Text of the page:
Message from the Pastor
April 21 & 28, 2019 Issue
Some, like best-selling novelist Ken Follett, call them “pillars of the earth.” Commonly, they are called cathedrals. As I watched the fire raging through Notre-Dame de Paris, it seemed like one of the most beautiful “pillars of the earth” was going to be utterly destroyed. Fortunately, through the valiant efforts of more than 500 French firefighters, the iconic façade and much of the church were preserved. The cornerstone was laid in 1163, and the cathedral’s enormous and intricate structure have for centuries been held up by the innovative and sturdy “flying buttresses” that enable its immense windows, most especially its colorful rose windows, to drape Notre-Dame’s “rib vault.” Thankfully, they will remain for future generations to gaze and wonder at the sense of transcendence they evoke.
Having being inspired by Notre-Dame’s beauty, inside and out, on each of the three occasions I have visited Paris, I feel as if a close personal friend has been crippled and will require years of rehabilitation before ever being able to walk again. Coming as it did during the beginning of Holy Week, the blaze which for several hours engulfed the cathedral, offers a new meaning to the suffering and death of Notre Dame’s (Our Lady’s) Son. Was He not crucified on another “pillar of the earth?” Indeed, I find in the charred cathedral potential symbolic meanings. For instance, the call of Christ, “to rebuild my church” heard by St. Francis and again by Pope Francis has now both literal and metaphorical meanings. Already French leaders and philanthropists pledge to begin such rebuilding. And, as was the case of many cathedrals, it will take decades, if not centuries, before the repairs are completed. I find comforting the cogent the words of French President Emmanuel Macron, “We will build together.”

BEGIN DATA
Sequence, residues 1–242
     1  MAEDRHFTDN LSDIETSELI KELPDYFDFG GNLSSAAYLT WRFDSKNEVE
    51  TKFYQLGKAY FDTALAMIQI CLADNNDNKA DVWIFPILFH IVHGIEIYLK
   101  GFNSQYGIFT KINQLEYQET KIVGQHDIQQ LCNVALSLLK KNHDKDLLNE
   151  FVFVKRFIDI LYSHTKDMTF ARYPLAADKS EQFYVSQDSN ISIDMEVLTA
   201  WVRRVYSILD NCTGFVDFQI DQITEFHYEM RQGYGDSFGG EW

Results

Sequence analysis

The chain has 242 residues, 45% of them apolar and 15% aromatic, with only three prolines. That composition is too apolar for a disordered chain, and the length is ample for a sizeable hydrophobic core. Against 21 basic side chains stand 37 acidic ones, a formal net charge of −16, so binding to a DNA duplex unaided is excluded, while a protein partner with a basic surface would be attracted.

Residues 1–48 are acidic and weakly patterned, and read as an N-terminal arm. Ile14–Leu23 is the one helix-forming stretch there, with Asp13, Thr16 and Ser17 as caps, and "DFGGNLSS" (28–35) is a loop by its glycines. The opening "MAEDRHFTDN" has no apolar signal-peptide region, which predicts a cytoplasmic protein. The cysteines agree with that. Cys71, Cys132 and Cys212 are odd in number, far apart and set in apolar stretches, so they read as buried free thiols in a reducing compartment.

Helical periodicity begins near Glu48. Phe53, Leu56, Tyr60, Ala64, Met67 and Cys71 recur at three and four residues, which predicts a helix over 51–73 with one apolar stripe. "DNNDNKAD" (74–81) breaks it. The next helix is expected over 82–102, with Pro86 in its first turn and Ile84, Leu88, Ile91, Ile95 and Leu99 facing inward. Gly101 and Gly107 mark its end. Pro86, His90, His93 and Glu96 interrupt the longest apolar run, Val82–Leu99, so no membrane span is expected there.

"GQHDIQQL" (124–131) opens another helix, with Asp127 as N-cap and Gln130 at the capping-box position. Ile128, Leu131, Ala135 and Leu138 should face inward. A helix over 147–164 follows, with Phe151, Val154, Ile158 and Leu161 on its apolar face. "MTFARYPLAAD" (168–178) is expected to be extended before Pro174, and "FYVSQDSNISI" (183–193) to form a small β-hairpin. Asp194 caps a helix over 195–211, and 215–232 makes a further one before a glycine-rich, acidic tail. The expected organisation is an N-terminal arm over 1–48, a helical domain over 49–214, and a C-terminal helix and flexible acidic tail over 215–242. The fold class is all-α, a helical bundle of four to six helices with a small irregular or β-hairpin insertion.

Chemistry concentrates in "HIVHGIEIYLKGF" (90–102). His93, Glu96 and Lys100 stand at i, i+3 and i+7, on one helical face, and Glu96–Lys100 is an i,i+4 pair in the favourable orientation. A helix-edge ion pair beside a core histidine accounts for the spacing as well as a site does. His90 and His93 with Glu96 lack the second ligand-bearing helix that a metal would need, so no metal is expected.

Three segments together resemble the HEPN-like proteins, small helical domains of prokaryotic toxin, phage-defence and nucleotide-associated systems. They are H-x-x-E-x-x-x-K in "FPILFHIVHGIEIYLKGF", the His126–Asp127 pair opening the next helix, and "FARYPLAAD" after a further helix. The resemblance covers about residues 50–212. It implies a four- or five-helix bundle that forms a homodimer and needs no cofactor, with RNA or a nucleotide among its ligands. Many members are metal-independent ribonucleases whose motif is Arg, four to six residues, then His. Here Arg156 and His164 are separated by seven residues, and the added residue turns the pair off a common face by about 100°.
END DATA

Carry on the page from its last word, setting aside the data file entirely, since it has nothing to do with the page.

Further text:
Similarly, the rebuilding of trust in some of the structures and systems of the Catholic Church, scorched by scandals, will require the efforts of many of us working together. And it may take a long time to rebuild. But, rebuild we must, and so I will find encouraging the efforts to rebuild the pillar of France’s faith for it may enkindle a new appreciation for what Notre-Dame really represents.
During this Easter Season, when we commemorate how a wooden cross became a pillar of the Catholic Church, the determination to work together to rebuild Notre-Dame Cathedral may serve as a source of hope to rebuild the pillars of the Catholic Church. With the arrival of Archbishop Wilton Gregory next month, we as a parish in a scandal-scorched archdiocese will be given these opportunities. As the rebuilding of Notre-Dame begins, may we find the determination to work together so that our church’s structures are rebuilt; and that through our common belief in the glorified pillar on which Notre Dame’s Son once was crucified, will enkindle new flames of faith.